Forgive, forget and love. Maybe you haven’t stayed in touch as much as you’d like, or maybe there was that epic battle you had last Christmas over gift giving and budgets. Whatever the issue might have been, forgive, forget and show them love. If they still feel bitter about it, keep trying. Remember that mending fences takes time and a lot of nails.
Breath. Exercise. Visualize. This is the best piece of advice. Simply breathe. When it all gets too much, take a few slow deep breaths. It will immediately calm you down. Slowly breathe in for 4 counts, hold for 4 counts and exhale slowly for 4 counts. If you’re not stuck in traffic, try closing your eyes as well. If you’re uber stressed out, take a 15-20 minute walk and try these affirmations:
I am enough.
I am loved.
I am abundant.
I am blessed with a loving family and understanding friends.
I am perfectly fit, happy and healthy.
I am a harmonious being in perfect balance.
It is a beautiful, happy day.
Things always work out for me.
I am manifesting the life I desire.
Cut down on your to do list. Each day, you should have no more than 3-5 things to do. Anything more and your good old friend analysis paralysis will rear its ugly head. The next thing you know, you’re in overwhelm land. Human beings do not multitask well. Instead, we shift from task to task very rapidly. By not focusing on each task until completion, we create a state of overwhelm wondering why things only get partially finished. The key is to put the most difficult task at the top of your list and get it out of the way. By doing this, you don’t leave it to the last minute overwhelming yourself with a big project.
By having no more than 5 items each day, your list will get completed.
With 2017 hard upon us, this philosophy works well for yearly goals too. You should have no more than 5 major goals to focus on each year. Each goal should be broken down into monthly and weekly milestones to ensure you’re on track and making progress.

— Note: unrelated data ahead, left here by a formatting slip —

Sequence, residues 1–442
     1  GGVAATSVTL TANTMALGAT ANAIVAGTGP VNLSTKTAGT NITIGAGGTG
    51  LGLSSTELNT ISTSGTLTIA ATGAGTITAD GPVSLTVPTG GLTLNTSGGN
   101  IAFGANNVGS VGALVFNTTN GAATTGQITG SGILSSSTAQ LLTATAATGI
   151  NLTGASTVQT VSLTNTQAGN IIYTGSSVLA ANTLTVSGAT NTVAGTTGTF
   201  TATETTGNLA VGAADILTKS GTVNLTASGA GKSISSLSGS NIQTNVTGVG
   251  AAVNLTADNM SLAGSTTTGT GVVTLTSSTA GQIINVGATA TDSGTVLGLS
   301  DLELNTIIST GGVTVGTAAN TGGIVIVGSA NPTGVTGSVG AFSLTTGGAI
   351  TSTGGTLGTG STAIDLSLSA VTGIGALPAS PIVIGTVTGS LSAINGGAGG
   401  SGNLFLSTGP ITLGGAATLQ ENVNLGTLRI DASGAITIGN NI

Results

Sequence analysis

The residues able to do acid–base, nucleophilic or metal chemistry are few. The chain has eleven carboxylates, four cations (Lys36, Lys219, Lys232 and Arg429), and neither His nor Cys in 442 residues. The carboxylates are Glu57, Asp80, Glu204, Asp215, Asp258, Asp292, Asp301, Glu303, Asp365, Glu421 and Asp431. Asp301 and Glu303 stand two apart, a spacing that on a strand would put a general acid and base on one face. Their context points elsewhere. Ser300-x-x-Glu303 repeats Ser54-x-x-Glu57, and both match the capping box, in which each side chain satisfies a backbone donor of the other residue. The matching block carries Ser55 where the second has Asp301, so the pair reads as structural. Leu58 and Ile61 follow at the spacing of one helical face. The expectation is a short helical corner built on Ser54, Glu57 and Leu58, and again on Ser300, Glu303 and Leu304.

Ask for help. Oh boy. This had to be on the list didn’t it? I am notorious for not asking for help. Part pride, part independence and part perfectionism is the sinister demon behind why I don’t ask for help. Many professional women fall prey to the “I can do it all” mentality. I blame the whole Lean In movement, which by the way; I could not stand that book. I’m all for female empowerment, but sometimes you can’t do it all. When you need help, you need help. When people offer help take it. If you refuse help too often, people will eventually stop offering.
Make time for rituals. I love rituals. They ground me and center me. Rituals also get all the crap that’s swimming around in your brain out. The last thing you want is excess mental clutter. Not only do rituals reduce overwhelm by calming the mind, they also create structure and habits.
Ideas for rituals:
- Journaling aka Morning Pages
- Reading a book
- Lighting a scented candle
- Using essential oils in a diffuser
I start my day with a sun salutation, thanking God for another day, stretching, 15 minutes of morning pages, then it’s on to breakfast. After that, I take a 20-minute walk outside and practice my affirmations.
I end my day reading a book, saying what I’m grateful for that day and lastly, a short prayer.
So you see, we overwhelm ourselves with our choices. Gradually we manage to let life outpace us, and before we know it, we’re having a meltdown and wondering why no one gets it.